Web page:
Get Up And Dance Your Life With Joanna Vargas

GUEST CONVERSATIONS

March 5, 2021

PTR 43 | Dance Your Life

 

There are a lot of parallels between dance and life that the things dancers learn the hard way throughout their career are often the same things that form the core tenets of personal development. Joanna Vargas offers her wealth of wisdom and experience in both fields through two new podcasts, The Get Up Girl and Dance Your Life. While appealing to two different audiences, both podcasts teach its listeners how to embrace their imperfections and dance with the chaos. Throughout her career as a dancer and dance studio owner, Joanna has earned her way to the front at a time when choosing something different was not celebrated. We see that theme over and over again, whether it’s in dancers being shamed into performing like everyone else or women being force-fitted into roles that don’t speak to who they really are. This conversation between Joanna and host Susanne Puerschel challenges these patterns of conformity and teaches each one of us to choose ourselves and be comfortable in our own skin. Listen in and be inspired to dance your life the way you’re supposed to.

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Get Up And Dance Your Life With Joanna Vargas

My guest is Joanna Vargas. Joanna creates her life. A powerhouse entrepreneur right out of high school, Joanna never worked corporate and chose the path less traveled. At twenty years old, she formed her corporation, took all of her savings, and produced a dance show in Hollywood called the King of Pop. With Joanna’s quick, some might say crazy, work ideas, this venture quickly turned into a dance competition called Maxt Out. Using keen street smarts and with no professional business training, she created Jayvee Dance studio.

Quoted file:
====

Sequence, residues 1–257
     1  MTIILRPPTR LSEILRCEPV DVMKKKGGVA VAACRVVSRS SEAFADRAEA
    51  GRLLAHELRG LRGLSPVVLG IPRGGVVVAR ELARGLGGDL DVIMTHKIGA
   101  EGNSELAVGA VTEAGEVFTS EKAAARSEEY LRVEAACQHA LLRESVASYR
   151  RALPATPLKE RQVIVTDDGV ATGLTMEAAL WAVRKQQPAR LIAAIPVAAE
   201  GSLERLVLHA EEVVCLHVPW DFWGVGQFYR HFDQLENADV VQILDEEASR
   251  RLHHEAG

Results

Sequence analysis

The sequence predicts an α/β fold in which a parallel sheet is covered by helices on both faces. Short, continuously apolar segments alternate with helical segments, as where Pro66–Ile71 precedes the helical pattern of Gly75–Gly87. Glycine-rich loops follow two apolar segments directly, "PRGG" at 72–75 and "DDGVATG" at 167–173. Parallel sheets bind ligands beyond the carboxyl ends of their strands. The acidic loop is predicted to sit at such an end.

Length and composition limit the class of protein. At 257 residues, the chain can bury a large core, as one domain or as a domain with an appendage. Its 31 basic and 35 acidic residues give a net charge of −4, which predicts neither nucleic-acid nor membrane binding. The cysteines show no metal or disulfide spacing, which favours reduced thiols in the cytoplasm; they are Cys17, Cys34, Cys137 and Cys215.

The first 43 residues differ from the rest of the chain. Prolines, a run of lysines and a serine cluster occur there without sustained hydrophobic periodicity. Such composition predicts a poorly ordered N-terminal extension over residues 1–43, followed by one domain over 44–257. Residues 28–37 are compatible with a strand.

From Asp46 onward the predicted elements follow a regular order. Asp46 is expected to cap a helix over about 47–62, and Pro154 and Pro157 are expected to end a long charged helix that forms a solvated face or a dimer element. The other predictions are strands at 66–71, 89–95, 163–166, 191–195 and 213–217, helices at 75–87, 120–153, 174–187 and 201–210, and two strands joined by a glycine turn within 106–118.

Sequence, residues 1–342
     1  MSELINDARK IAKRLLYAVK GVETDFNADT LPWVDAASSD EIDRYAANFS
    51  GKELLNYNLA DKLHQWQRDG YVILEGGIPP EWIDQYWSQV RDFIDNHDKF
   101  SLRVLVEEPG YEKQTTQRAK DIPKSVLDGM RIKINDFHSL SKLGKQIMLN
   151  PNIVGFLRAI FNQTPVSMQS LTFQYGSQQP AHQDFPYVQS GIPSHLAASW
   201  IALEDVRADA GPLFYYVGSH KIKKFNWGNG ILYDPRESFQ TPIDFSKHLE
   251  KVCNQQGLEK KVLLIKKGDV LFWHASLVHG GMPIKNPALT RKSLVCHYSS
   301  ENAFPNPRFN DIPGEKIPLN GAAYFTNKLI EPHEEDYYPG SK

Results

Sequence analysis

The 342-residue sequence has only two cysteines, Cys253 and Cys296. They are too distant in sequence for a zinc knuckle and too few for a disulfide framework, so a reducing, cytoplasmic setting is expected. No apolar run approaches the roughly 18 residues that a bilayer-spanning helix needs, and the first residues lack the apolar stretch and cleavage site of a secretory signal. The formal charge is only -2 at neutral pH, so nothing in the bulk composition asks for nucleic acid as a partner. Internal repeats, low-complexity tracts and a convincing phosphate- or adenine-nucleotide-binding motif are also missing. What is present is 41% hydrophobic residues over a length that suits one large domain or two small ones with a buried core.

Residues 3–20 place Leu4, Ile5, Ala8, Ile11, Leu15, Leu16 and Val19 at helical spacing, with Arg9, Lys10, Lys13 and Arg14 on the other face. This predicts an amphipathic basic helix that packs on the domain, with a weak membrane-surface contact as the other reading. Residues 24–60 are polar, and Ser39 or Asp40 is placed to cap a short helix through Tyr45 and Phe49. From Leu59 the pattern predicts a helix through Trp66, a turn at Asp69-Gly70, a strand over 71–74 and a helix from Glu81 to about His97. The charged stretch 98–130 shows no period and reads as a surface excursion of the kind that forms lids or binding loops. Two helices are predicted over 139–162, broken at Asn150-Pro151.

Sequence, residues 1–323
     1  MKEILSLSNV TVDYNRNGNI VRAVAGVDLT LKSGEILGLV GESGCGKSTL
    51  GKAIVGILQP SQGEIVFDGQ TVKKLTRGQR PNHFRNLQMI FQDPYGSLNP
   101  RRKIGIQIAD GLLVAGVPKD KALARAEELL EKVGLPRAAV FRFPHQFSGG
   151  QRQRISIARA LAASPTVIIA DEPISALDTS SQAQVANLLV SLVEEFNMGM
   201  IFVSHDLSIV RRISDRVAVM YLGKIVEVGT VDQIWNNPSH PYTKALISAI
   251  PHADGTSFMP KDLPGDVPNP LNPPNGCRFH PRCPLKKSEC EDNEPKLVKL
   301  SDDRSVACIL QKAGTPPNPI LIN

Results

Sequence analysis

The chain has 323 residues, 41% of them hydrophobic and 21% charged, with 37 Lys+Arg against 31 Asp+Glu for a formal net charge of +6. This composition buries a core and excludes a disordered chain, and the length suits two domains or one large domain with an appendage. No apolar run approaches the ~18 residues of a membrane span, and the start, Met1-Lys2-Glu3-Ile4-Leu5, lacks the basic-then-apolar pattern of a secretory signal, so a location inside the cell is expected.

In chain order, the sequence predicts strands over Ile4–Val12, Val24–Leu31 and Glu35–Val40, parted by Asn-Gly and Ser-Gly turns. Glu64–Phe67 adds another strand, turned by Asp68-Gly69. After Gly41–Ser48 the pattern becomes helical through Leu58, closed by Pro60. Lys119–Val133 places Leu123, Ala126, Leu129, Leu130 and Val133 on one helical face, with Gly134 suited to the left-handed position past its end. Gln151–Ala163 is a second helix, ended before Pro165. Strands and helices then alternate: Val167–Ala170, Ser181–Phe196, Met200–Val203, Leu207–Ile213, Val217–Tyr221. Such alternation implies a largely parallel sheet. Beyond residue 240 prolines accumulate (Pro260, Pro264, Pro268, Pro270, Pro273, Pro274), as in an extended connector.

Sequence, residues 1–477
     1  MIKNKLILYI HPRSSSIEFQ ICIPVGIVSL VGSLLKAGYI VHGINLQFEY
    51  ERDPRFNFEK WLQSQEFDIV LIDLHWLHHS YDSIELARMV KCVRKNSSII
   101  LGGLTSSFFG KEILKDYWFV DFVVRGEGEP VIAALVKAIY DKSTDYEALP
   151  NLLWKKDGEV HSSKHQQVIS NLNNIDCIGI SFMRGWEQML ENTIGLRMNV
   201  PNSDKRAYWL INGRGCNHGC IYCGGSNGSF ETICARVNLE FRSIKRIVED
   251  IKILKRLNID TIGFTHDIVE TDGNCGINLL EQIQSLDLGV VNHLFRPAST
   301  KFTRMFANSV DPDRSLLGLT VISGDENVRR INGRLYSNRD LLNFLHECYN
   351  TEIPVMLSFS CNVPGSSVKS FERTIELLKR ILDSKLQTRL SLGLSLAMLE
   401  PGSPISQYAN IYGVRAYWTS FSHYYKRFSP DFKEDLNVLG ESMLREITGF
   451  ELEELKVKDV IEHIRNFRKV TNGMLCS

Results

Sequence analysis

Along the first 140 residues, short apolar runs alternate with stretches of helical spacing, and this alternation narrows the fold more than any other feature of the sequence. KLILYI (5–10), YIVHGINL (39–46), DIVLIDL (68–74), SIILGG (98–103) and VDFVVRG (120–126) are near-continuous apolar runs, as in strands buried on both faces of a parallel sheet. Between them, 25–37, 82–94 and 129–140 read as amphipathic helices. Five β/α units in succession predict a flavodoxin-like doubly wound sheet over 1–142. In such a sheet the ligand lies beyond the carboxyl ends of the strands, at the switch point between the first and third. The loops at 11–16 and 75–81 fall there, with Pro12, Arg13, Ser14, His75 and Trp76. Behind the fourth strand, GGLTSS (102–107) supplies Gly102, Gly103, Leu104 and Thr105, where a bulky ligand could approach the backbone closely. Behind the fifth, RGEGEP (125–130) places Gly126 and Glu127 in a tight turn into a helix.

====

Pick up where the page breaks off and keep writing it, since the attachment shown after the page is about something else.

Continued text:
By the time she was 24, she had built that business to 700 students. As a true serial entrepreneur, Joanna sold that dance studio and prepared to design her next download from the universe. Joanna recognized the gap in conversation about mindset and physical form when it came to fitness and respond with the solution. The Fit Factory Studio, a wildly successful brick and mortar fitness studio catering to women, their mindset, and living fully. In the process, Joanna’s own work-life philosophy, built on the principles of asking better questions, and getting curious about life inspired her to make a choice to close the physical doors and go completely virtual with The Live Fully Academy now serving women all over the world with her 3F’s, forms, fundamentals, and fun, and a new thought leader for Gen X and Millennial women.

Known for her open book candor and positive vibes, Joanna proposed to her city that she started a 5K run. It was then the Pumpkin Run 1K, 5K, 10K Halloween event was born. Her superpower is getting butts in seats and this run brings 1,500 runners every year with no paid advertisement. By the time she was 32, she was running four businesses and choosing for her. With learning how to choose herself, she now facilitates other female business owners to do the very same. Joanna launched two new podcasts, The Get Up Girl and Dance Your Life.

The Get Up Girl is a rallying cry for all women who are different and were taught to choose for others who are now ready to get up and choose for themselves. Dance Your Life is a podcast of dance conversations for dancers by dancers and developed to educate dancers all over the world with stories and wisdom. Awarded Women of the Year Congressional Honor by Congressman Adam Schiff and Women of the Year Congressional Honor by Judy Chu, Joanna is a well-respected female business owner and creator. Named Business of the Year by her city, along with many other business awards, Joanna has earned her way to the front line of businesses during times when choosing yourself and a road less traveled were not celebrated. I cannot wait to have this conversation with her. Joanna and I have been in the same mastermind. I can only tell you that she is nothing but fire and love. Let’s get started.

PTR 43 | Dance Your Life

Dance Your Life: A dance studio is not for everybody. It takes a certain breed of person who has the tenacity to run it.